Two good news are making rounds. One, monsoon is projected to be above normal. Second, industrial production for February is 2% positive. Agricultural GDP has risen by 1.1% as per advanced estimates for FY16 (as against -0.2% in FY15). This year’s Budget has put a special thrust on investment in agriculture and better infrastructural facilities for the rural sector for which an enhanced expenditure of Rs 13,274 crore (against Rs 9,583 crore in 2015-16) has been earmarked.
Reasonably good food production removes the major plank of poverty in our country and restrains the additional pressure to move to cities in search of employment. As the employment intensity of the organised manufacturing has been continuously declining, the elimination of additional pressure is likely to rejuvenate the sector.
IMF in its latest World Economic Outlook has mentioned favourably about the contribution of higher private consumption as an offshoot of low energy prices and higher real income. It has been projected that higher investors’ sentiment reflected in high PMI in March at 52.4 and positive industrial output would pave the way for recovery of private investment. While India’s GDP at 7.5% in 2016 would exceed that of China by 1.3%, in another 5 years’ time India’s GDP growth at 7.8% would leave behind Chinese growth by a clear 1.8%.
It is gratifying to note that a few steel intensive sub-sectors under manufacturing have exhibited positive output in February. These are fabricated metal products (17.2%), machinery and equipment (11.1%), other transport equipment (11.8%) and furniture manufacturing (27.9%).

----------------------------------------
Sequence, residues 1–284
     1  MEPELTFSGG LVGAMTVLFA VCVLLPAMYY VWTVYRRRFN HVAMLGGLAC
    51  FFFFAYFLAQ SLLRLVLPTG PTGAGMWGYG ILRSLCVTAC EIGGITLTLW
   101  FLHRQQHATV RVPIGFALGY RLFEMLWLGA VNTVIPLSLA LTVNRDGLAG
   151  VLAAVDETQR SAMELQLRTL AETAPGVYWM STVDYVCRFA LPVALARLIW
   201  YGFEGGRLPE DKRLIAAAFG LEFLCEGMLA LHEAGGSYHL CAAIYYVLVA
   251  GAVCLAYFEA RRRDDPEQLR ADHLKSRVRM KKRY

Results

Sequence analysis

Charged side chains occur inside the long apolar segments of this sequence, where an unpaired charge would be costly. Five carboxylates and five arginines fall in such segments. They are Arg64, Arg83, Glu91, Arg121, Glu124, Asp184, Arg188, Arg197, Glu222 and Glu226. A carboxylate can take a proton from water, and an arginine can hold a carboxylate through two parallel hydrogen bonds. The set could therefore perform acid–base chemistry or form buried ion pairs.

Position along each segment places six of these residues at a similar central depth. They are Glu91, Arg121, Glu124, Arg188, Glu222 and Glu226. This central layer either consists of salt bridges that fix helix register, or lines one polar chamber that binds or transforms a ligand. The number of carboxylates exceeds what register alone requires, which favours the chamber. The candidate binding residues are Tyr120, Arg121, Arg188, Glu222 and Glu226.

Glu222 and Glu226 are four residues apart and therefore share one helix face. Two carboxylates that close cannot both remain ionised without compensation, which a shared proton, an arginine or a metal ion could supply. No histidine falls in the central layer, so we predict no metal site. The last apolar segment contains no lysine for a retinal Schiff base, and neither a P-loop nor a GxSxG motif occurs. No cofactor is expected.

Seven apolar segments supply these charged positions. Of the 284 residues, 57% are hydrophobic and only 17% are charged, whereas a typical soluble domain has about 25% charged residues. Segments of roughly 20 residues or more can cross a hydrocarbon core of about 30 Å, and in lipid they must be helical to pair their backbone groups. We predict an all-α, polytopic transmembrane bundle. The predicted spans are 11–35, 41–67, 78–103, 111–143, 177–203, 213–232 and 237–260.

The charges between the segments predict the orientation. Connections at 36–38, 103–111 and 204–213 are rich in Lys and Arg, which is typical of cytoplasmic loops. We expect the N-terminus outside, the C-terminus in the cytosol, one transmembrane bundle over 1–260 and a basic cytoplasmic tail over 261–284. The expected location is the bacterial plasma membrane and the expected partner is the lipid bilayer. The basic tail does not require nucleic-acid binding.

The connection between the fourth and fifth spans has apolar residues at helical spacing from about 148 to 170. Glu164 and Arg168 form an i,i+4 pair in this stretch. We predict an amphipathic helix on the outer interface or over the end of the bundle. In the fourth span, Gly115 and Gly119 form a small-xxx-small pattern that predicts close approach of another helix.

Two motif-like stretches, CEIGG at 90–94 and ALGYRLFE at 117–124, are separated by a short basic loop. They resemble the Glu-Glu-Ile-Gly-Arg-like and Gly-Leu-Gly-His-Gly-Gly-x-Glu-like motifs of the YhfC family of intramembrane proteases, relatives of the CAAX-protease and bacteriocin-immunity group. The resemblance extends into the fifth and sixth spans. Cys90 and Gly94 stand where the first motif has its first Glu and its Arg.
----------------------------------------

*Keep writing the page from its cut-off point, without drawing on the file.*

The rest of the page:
However, the production of capital goods still remains a cause of worry. Apart from poor offtake from the various segments of heavy engineering and shipbuilding equipment, the declining output trend in capital goods (- 9.8%) is the direct result of increasingly high imports of finished capital goods under ITC-HS code of chapter 73. It is also alleged by some quarters that restricted imports of different steel categories under chapter 72 are now shifted to rising imports under chapter 73. This increasing trend of higher indirect imports of steel needs an immediate thorough analysis. Alternatively, the trend indicates a primary malaise that Indian manufacturing sector has been suffering from shades of deindustrialisation and having been turned into assemblers rather than actual manufacturers.
Physical output of consumer durables has been on the rise for the last few months. In February, the consumer durable sector notched up a respectable growth of 9.7% as against a negative growth of 3.8% in corresponding month of last year. The consumer durables which comprise a few major steel-intensive sub-segments like air conditioners, refrigerators, electric motors, passenger cars, 2-wheelers, bicycles etc., are enjoying the fruits of enabling policy prescriptions like reduced interest rates on personal loans, policy reforms in real estate, stable growth in equity markets, etc. The marginal decline in consumer prices at 4.83% in March (5.26% in February 2016) has raised hopes that price stability is the outcome of rising output in the sector that would be further rekindled once the benefits of seventh pay commission are made effective in the later part of the current fiscal.
It is now an established fact that import restrictive measures by the government have genuinely helped the domestic steel players from the negative impact of the predatory prices by China, CIS, Japan and Korea. And the latest prima facie acceptance of the anti-dumping petition by the domestic players against China, Japan, South Korea, Russia, Brazil and Indonesia strengthens the fact that anti-dumping duty offers a permanent solution to the woes of the domestic players as relief under MIP may be considered temporary.
The author is DG, Institute of Steel Growth and Development. Views expressed are personal.